Fats

Fats

Fats can be  Saturated or Unsaturated.

1) Saturated Fats

Saturated fats are saturated because all of their carbon atoms have hydrogen attached to all of the spare valence electrons with strong single bonds. Unlike unsaturated fats which have at least one double bond. 

 

 

 

 

 

 

 

 


 

Saturated fats can be short, medium and long-chain.

Short-chain SaFAs contain 4 to 6 carbon atoms, found in butter, milk fat, coconut and palm oil.

- Butyric acid from butter with 4 carbon atoms help feed the friendly bacteria that keep our colon healthy.

- Caprylic acid (8:0) and Caproic  acid (6:0) found in palm and coconut oil, and goats milk are used to inhibit the growth of yeast and candida in our intestines. 

Medium-chain  SaFAs (MCTs) contain 8-12 carbon atoms. Our body metabolizes MCTs to produce energy. It does not store them as fat.

Long-chain SaFAs  (longer than 12 carbon atoms) are used to build cell membranes, etc. The problem is that only a certain amount of long-chain SaFAs are required, any surplus remain in the blood stream as fat, where they can aggregate and cause problems.  

 

They are solid at room temperature and tend to stick together to form droplets and thus forming sticky platelets that can readily form blood clots in the artery, one of the major health problems related to human nutrition.

Long-chain SaFAs are thought to play a major role in cardiovascular disease which plague populations whose diets are high in beef, pork, poultry and dairy products containing large amounts of long-chain SaFAs.

They can be deposited within cells, organs and arteries along with cholesterol (a non-polar, very sticky, and extremely hard fatty substance).

Diets high in refined sugars can also create cardiovascular problems, in part because our body converts excess sugar into long-chain SaFAs. 

Uda Erasmus author 'Fats that Heal, Fats that Kill'

 

Long-chain SaFAs are also implicated in Type2 Diabetes in that they are believed to clog the insulin receptors in muscle cells and thus prevent the cells from allowing glucose for energy  production and thus raising the blood glucose levels.

Thus we see that not all saturated fats are created equal. The short and medium chain SaFAs are good fats. The long-chain SaFAs found primarily in animal products are the ones to limit.

cis.png

2) Unsaturated Fats

Unsaturated fats consist of Monounsaturated (one double bond), and polyunsaturated (more that one double bond).

Double bonds allow the fat to be more fluid since the double bond causes the molecule to kink and thus be more flexible ie not allow them to aggregate.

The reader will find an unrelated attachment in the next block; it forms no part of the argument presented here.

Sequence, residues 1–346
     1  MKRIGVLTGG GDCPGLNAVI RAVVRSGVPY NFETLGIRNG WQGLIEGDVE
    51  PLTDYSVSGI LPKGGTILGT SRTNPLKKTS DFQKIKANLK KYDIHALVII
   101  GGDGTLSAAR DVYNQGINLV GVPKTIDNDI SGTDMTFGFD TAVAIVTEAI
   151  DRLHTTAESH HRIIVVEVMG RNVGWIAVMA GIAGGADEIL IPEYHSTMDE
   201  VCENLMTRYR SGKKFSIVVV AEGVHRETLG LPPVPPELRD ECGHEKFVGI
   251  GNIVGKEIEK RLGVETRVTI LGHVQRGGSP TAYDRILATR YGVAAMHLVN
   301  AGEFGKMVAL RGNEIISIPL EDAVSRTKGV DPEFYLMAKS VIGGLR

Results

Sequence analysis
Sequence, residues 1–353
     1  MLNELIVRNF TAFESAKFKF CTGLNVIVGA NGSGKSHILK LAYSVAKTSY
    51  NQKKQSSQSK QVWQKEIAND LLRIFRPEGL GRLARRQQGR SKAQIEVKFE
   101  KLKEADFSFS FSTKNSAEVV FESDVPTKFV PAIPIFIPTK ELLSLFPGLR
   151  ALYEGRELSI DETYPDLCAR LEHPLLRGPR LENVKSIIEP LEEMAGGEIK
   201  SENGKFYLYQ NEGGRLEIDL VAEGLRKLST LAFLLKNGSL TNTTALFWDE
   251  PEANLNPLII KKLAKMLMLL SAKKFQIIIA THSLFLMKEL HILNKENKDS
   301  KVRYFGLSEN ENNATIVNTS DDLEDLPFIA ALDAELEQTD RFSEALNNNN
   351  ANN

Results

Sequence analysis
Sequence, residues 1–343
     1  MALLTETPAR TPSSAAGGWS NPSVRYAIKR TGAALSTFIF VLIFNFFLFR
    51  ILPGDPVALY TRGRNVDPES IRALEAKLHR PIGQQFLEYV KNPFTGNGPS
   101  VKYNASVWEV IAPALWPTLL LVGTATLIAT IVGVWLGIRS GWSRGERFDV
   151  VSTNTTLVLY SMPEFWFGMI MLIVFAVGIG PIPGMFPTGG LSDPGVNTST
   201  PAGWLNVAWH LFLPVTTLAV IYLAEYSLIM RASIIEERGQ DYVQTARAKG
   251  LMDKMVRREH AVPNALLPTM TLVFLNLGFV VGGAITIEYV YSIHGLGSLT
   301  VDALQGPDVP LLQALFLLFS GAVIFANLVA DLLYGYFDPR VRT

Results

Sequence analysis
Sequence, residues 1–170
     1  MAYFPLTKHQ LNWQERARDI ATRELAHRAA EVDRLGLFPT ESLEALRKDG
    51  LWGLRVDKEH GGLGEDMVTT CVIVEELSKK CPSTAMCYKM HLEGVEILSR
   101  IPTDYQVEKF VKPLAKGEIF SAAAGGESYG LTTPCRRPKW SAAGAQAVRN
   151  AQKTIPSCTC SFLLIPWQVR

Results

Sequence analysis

Monounsaturated fats (omega-7 and omega-9 fats) include:

- Palmitoleic acid (omega-7 fat)  (one double bond at the 7th carbon atom) has 16 carbon atoms. It is found in coconut and palm oil.

- Oleic acid is an omega-9 fat with 18 carbon atoms. It is found in olive oil, almonds, avocado, and macadamia nuts.

Polyunsaturated fats consist of omega-3 and omega-6:

omega-6 fats include:

- Linoleic acid (LA)  with 18 carbon atoms and 2 double bonds at the 6th and 12th carbon atoms, found in safflower, sunflower, hemp, soybean, walnut, sesame and flax seed.

- Arachidonic  acid (AA) with 20 carbon atoms is found in animal products. It is used to make series 2 prostaglandins that are used in fighting disease.

omega-3 fats include:

- Alpha-Linolenic acid (LNA) with 18 carbon atoms and 3 double bonds. Found in flax, chia, and hemp seed, walnut and dark green leaves. 

- Stearidonic acid (SDA) with 18 carbon atoms and 4 double bonds, found in black currant seeds.

- EPA and DHA with 20 and 22 carbon atoms and 5 and 6 double bonds respectively found in the oils of cold water fish and marine animals eg salmon, trout, sardines. Essential for our brains and cell membranes. From EPA our body makes series 3 prostaglandins with many beneficial effects on health.

The ideal ratio of omega-6 to omega-3 is 1:1 although that is extremely difficult to achieve with today's diet which contains very little omega-3 compared to our ancestors who ate more wild fish, nuts and seeds. More realistic is a ratio of 4 :1 omega-6 to omega-3. Basically achieve this by consuming as much omega-3 as possible and avoiding as much omega-6 as possible, since we get plenty of omega-6 already without even realizing it.

The message to be taken away from this is that only the long-chain SaFAs (animal products) and the omega-6 fats are to be consumed sparingly.

Taken from 'Fats that Heal, Fats that Kill' by Udo Erasmus.

Is extra virgin olive oil a super food?